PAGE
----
SB-Freeduino SKU: 28920
The Freeduino is based on the open source project version of the Arduino Diecimila. We’ve adapted the design for more convenience as a semi-kit!
New for version 2.3:
- Bottom-side labelling
- FTDI “Bit-Bang” interfacing pins marked for easy upgrades
- Uno-style pin labels
There is no better open-source way for a BEAM enthusiast to get into microcontrollers. Based on the open-source project from Italy, this Atmel ATMega328 microcontroller is nested into an easy-to-talk-to cocoon o’ technology! The development language is very “C”-like, but simpler and runs in a Java-based all-in-one environment supported on Linux, Mac, and Windows.
Since it’s open-source it has a huge support community, with many, many tutorials and reference code you can draw from. If you’ve want to see how to do…something, it’s most likely that somebody has already started writing some similar code that will put you on the right path!
The SB-Freeduino is our own special port of the Arduino project’s Diecimila reference design. We didn’t like the color, so being an open source design we decided we’d take the excellent idea of Arduino, and make a pink version.
Then we discovered it was too hard to make pink. Oh well – so we made it red. At least we got some cool enhancements made on our version. So what did we do to the Freeduino SB that differs from the Arduino Diecimila?
- This is a cost-saving mini-kit. We’ve done all the hard soldering of the tiny surface-mount components. You just take care of the large sockets, pins, and connectors, and save a few dollars!
- Uses a Regular USB-B or Mini-B jack (mini-b included)
- Added a power switch(yes, this is a new improvement to the design!)
- FTDI pinouts for FTDI-bootloader bitbang reflashing
- Added a location for an optional ARef trimpot
Seriously, the Arduino is an excellent microcontroller development platform, especially if you’re not that well versed in using C on a plain Atmel platform.
The Arduino team also created a hardware design for their software to talk to. Using a built-in USB chip, all you have to do is plug your Freeduino SB into a USB port, turn it on, and you’re ready to download code!
Surely you may have questions, right? Let’s see; you in the front row – you have a question?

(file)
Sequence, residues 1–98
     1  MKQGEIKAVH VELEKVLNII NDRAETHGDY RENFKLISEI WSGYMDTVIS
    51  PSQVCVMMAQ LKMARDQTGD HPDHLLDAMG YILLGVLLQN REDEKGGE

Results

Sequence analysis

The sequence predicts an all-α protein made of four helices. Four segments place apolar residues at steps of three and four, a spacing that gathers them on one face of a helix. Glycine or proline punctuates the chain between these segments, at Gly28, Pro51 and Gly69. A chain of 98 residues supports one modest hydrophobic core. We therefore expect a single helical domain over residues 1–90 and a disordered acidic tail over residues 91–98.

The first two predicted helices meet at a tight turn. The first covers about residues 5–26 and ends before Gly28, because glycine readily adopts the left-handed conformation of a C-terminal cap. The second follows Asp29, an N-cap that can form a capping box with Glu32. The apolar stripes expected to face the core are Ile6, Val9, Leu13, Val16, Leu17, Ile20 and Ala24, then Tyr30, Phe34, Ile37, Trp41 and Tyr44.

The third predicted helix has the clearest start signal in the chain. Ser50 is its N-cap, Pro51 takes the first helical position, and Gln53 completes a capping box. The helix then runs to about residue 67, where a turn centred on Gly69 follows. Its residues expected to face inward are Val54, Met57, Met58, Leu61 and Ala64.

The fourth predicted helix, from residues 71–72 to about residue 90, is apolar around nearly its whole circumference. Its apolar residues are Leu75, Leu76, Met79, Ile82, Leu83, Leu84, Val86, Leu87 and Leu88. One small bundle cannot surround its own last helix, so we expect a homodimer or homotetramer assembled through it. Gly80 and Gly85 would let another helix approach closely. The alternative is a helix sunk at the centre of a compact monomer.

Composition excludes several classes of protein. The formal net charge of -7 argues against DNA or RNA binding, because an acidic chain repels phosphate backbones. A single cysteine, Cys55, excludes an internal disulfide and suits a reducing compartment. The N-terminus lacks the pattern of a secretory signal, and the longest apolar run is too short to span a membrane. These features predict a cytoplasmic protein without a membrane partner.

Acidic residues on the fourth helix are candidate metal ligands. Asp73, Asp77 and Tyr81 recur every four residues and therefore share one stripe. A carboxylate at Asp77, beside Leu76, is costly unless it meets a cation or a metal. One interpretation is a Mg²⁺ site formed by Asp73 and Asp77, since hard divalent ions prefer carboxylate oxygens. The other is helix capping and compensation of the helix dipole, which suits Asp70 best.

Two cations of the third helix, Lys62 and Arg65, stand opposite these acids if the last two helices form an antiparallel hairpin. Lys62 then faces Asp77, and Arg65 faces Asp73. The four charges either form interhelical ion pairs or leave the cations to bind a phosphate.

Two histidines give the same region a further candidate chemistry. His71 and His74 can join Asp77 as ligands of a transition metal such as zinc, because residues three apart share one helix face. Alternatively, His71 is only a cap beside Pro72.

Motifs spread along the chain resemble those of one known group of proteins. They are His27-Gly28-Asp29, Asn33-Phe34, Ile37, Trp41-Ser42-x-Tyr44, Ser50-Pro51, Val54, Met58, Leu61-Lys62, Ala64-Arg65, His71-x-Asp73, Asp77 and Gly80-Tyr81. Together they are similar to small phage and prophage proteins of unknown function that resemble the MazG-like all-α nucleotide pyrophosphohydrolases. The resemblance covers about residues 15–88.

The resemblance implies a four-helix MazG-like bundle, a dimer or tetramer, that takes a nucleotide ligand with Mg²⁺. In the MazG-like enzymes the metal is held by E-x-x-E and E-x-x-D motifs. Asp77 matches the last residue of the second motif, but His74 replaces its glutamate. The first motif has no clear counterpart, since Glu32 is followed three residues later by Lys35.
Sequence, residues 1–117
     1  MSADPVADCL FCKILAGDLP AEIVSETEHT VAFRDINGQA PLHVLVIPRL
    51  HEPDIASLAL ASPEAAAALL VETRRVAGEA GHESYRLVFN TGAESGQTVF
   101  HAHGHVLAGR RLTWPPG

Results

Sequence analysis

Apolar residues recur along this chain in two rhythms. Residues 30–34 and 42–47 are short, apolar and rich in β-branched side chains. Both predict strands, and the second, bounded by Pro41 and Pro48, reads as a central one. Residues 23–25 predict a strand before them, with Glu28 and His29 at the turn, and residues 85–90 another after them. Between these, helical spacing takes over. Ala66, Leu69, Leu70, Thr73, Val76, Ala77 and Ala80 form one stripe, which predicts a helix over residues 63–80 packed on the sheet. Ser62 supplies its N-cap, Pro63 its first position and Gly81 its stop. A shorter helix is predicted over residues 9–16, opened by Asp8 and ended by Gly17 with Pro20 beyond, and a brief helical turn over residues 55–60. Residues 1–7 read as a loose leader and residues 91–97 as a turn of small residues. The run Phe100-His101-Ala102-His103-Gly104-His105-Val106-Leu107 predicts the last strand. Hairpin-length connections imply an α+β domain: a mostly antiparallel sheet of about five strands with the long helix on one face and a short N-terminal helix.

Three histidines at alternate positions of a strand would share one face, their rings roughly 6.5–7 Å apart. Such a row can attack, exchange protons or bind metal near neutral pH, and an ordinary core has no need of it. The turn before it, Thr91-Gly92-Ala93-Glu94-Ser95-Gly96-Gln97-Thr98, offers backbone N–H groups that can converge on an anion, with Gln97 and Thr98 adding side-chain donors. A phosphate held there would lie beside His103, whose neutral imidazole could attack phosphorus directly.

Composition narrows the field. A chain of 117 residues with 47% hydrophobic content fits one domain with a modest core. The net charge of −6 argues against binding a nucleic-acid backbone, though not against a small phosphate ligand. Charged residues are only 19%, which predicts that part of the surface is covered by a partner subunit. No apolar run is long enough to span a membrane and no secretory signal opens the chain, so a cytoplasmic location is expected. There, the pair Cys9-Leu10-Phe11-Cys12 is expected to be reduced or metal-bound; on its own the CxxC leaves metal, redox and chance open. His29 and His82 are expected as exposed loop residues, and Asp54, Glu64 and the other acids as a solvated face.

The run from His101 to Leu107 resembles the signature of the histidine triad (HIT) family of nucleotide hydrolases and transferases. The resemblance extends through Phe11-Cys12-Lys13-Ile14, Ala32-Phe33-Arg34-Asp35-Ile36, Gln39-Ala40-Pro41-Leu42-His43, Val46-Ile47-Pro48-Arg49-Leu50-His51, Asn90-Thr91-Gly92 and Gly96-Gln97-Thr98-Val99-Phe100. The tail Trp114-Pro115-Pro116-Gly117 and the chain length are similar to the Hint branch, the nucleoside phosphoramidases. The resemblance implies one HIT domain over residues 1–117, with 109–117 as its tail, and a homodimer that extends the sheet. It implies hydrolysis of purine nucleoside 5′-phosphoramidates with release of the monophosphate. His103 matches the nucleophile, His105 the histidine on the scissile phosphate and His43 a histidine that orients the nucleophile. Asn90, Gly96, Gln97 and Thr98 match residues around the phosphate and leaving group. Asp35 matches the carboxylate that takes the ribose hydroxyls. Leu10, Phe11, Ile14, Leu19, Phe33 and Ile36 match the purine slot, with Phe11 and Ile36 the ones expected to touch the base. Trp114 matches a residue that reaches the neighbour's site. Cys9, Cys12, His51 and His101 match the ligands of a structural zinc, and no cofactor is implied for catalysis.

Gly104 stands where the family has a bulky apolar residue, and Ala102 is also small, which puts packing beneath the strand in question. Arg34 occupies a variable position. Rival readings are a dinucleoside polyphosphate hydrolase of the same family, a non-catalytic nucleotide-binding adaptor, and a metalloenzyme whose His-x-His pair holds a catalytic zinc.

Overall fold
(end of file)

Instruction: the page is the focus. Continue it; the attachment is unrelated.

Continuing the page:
But what’s an Arduino?
It’s an open source electronics prototyping system using popular proven tools and hardware. It’s designed to be easy to interface with sensors and actuators, and inexpensive enough you can use many in your projects!
Is that all there is about it?
Not at all! A large part of the appeal of Freeduino/Arduino is the frequently updated software used for programming the hardware. The Arduino programming language is based on a very easy-to-learn open-source language called Wiring, which is similar to C/C++, but streamlined for quicker development!
What is this “Open-Source”?
Good question! In short, it is a set of principles given to a project by the project’s creator that lets everyone use it, and have access to the source design. The creators of the Arduino project allow anybody to use their hardware designs and software, as long as everybody shares back in return! (It’s a big topic – do an Internet search!)
What are the hardware specifics?
An Atmel ATmega328 running at 16MHz, connected through an FTDI232R USB-to-serial converter (just plug it into a USB port, and go!).13 digital I/O pins (6 with PWM) and 6 analog inputs. Power comes from your USB port, or external 6-20VDC power supply. Your PC is protected by a 500mA resettable fuse. LEDs for power, Rx/Tx activity and pin 13 “test” are all pre-installed!
What can I do with it?
LOTS! There’s a great many projects documented online. When people use open source software, they seem to like to share what they’ve done! As of this writing, searching Google for “Arduino Projects” results with 360,000 pages!
Can I build this?
If you can do basic soldering, you bet! We’ve taken care of the hardest stuff. You just finish it, then download and install the latest Arduino programming software!
Please Note: This product now comes with the Arduino 1.0 optiboot bootloader programmed into it. When programming via the Arduino IDE please select “Arduino Uno” under the Tools -> “Board” category instead of “Arduino Duemilanove w/ ATmega328”. This bootloader not only has faster upload speeds but is now backwards compatible with products that use a FTDI USB-TTL converter chip.
In respect to this is an Open Source project:
“Arduino” is a trademark of the Arduino Team (www.arduino.cc). The Freeduino SB is based off reference designs by the Arduino Team, and is licensed under the Creative Commons A-SA 2.5 license
- Freeduino SB Manual - March 14, 2012Documentation
- Solarbotics Freeduino V2.3 SchematicSchematic
- Freeduino SB Manual - July 15, 2008Documentation
- Freeduino SB Manual - April 20, 2009Documentation
- Earthshine Arduino Start Kit ManualDocumentation
- Freeduino SB Manual - June 29, 2009Documentation
- Freeduino SB v2.2 Design SourceSchematic
- Freeduino SB Manual - February 19, 2009Documentation
- Snappyscripts for Wirelessly Programming Freeduino (Duemilanove Bootloader)Sample Code
|Dimensions||24.5 × 16.5 × 2 cm|
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